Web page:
Looking at the artifacts that have been left behind in Room 1 can tell us a very interesting tale. There were some twelve bronze coins found as well as three bronze coin fragments. These coins were found during excavation of the site in the years 1993 and 1999. These coins were found at such depth using the stratigraphy chart where the first coins were found in Phase 3 at an elevation of ca. 900-840 and the rest were in the other two Phases; Phase 2 and Phase 1. I find interesting the iron nails that were discovered across Room 1. These were found in the lower points of the Phase 4 stage of the digging, in the D9 level which is that of 947-862, 944-900. Below this level were found more nails that go throughout Phase 3 and Phase 2 which is where it seemed much of the nails and nail fragments were found. The third pieces of evidence that I want to talk about before I draw my conclusion is that of the amount of the cover tiles that were found in such abundance although it is not too hard to see that they are used throughout a house from this time period. These cover tiles are found all throughout the dig site for we see them through all the Phases minus Phase 1. Also, found in Room 1 was an abundance of debris which contained large plaster and cement pieces located in the northwest corner. The northwest corner also had a layer of ashes on the floor which contained a few of the bronze coins. As mentioned before, a portico which faced north-south in direction, had been found in front of Room 1. What I am seeing from the evidence is that something had to have happened when the city of Koutsopetria was a thriving port. One thing that is very interesting in Room 1 is the fact that those who dug this site found in the stratigraphy, a layer of ash in room one in Phase 3 of the stratigraphy which is at 900-840. Also, most of the nails and tiles were located, not in their own separate piles, but in between the other larger pieces of the artifacts such as that of the layers of the gypsum which is throughout Room 1 in Phase 3 specifically. From this I get that the event that could have happened was that the port city of Koutsopetria was attacked at some point in its past by any number of people that were near this city. One thing that I find interesting is that layer of ash that was found to be in Room 1. There could be several reasons why an ash layer was left, but evidence shows that this may not have just been an accident. The one thing that perplexes me is that so many bronze coins were found in the room; it got me thinking that these were what remained from the people of this place having to get out of there very quickly. There is this destruction all around and everything having been destroyed; there are destroyed nails that were used to hold up the top of the house. This house may have even been looted by those that were attacking the city, which then led to the house being destroyed by, possibly, arson. The destruction is very plausible in my view. But, of course, someone else could look at all this evidence and come up with their own conclusion of what happened here. The job and responsibility we are given, is to sift through all the evidence and make the best assumption that we can from the debris.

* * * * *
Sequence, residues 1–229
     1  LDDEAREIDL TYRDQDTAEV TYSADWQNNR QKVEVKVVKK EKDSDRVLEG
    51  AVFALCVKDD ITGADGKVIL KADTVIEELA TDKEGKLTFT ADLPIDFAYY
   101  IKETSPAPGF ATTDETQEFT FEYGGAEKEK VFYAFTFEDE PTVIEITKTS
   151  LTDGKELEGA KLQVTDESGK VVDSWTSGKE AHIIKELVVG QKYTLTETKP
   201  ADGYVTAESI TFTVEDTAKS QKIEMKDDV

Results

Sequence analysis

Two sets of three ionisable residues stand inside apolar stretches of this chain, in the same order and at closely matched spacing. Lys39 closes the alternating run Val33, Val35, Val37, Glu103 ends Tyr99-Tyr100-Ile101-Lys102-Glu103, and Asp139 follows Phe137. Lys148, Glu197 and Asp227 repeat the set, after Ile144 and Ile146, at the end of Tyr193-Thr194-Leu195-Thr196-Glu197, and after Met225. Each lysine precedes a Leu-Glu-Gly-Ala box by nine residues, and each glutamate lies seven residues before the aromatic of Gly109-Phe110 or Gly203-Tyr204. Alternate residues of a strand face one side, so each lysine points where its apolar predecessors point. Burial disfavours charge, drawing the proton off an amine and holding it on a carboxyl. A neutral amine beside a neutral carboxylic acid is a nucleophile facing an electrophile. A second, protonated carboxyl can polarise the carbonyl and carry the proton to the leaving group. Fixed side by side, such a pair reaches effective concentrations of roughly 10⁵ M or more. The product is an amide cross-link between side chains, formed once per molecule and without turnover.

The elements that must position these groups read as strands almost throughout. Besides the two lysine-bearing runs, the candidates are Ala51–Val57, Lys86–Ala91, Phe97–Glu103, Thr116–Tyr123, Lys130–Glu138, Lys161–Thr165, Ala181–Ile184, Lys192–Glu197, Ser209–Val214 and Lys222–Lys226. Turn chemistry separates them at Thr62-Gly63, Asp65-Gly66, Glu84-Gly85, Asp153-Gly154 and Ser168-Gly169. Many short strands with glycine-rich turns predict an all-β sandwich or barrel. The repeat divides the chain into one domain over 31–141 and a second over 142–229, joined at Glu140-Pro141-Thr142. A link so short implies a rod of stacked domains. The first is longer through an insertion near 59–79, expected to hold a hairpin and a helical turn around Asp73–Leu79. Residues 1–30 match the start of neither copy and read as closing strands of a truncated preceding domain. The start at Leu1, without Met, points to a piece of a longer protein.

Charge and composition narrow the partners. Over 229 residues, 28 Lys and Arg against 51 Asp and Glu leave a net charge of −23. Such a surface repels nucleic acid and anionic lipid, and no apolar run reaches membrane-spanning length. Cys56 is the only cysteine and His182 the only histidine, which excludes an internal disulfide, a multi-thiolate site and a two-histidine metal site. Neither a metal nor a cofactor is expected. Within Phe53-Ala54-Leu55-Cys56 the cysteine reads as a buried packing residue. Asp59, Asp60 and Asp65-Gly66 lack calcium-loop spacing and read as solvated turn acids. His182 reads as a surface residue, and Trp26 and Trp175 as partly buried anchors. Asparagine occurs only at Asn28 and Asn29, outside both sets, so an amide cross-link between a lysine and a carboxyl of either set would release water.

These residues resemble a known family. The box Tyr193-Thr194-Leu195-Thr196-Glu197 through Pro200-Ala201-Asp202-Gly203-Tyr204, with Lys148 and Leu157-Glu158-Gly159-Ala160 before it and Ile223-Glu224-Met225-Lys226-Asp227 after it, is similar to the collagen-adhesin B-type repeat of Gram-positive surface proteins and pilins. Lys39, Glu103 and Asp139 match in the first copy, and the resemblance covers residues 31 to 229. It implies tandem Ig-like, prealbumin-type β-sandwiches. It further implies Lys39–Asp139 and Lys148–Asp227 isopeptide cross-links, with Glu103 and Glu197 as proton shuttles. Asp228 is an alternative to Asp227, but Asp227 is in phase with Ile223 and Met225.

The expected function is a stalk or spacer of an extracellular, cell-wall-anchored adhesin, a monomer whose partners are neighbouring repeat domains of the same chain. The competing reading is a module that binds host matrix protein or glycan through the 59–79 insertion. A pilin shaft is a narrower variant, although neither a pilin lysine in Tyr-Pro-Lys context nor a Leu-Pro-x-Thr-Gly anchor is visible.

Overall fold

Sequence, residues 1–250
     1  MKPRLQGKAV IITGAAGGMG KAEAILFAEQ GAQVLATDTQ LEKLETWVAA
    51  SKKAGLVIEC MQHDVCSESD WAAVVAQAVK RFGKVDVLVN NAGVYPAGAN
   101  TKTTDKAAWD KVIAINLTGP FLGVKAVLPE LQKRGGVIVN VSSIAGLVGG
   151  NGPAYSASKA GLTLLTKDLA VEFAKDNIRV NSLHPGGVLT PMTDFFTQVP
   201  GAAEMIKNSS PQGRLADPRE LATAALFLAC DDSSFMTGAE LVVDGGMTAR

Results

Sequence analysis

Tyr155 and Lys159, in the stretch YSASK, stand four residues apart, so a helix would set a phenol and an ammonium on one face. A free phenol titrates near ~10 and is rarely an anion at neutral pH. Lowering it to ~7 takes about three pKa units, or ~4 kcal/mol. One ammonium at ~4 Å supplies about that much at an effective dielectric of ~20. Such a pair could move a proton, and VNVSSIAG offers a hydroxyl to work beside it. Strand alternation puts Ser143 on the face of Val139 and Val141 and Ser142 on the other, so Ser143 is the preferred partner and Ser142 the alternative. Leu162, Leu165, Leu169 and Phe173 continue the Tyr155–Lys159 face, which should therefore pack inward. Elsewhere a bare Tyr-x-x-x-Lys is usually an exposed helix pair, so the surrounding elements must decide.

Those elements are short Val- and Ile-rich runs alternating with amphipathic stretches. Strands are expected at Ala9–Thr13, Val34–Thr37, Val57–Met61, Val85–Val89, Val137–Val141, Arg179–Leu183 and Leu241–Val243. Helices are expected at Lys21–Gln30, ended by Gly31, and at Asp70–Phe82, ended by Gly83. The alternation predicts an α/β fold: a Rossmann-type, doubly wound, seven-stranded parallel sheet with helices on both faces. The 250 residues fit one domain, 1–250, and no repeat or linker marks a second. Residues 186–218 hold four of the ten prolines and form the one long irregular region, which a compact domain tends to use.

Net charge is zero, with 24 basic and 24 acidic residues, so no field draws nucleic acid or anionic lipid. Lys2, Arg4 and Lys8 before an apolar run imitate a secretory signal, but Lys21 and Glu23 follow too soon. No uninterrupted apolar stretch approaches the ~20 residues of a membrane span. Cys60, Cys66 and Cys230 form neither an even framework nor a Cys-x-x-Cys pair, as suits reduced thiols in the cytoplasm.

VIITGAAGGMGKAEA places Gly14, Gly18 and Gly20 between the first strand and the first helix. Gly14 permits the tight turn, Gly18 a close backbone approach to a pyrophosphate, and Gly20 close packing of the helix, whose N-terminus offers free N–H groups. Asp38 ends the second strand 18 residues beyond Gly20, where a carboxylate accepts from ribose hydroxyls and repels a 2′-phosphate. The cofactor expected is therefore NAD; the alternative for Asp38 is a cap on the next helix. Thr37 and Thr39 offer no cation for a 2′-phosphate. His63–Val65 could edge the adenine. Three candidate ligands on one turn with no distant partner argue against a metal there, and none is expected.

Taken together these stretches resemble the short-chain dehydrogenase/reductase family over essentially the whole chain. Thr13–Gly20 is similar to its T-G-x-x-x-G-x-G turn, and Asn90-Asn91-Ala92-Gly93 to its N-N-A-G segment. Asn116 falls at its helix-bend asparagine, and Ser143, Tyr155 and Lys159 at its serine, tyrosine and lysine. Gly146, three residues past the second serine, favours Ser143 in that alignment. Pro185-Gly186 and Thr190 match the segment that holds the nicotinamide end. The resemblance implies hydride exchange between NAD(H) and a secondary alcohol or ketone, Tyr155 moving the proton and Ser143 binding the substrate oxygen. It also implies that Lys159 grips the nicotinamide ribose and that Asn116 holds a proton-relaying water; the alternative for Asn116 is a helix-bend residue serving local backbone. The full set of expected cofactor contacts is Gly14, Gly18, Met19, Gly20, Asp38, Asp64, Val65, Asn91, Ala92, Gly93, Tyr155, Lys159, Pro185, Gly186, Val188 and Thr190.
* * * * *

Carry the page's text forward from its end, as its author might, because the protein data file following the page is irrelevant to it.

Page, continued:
By Ryan McKeehan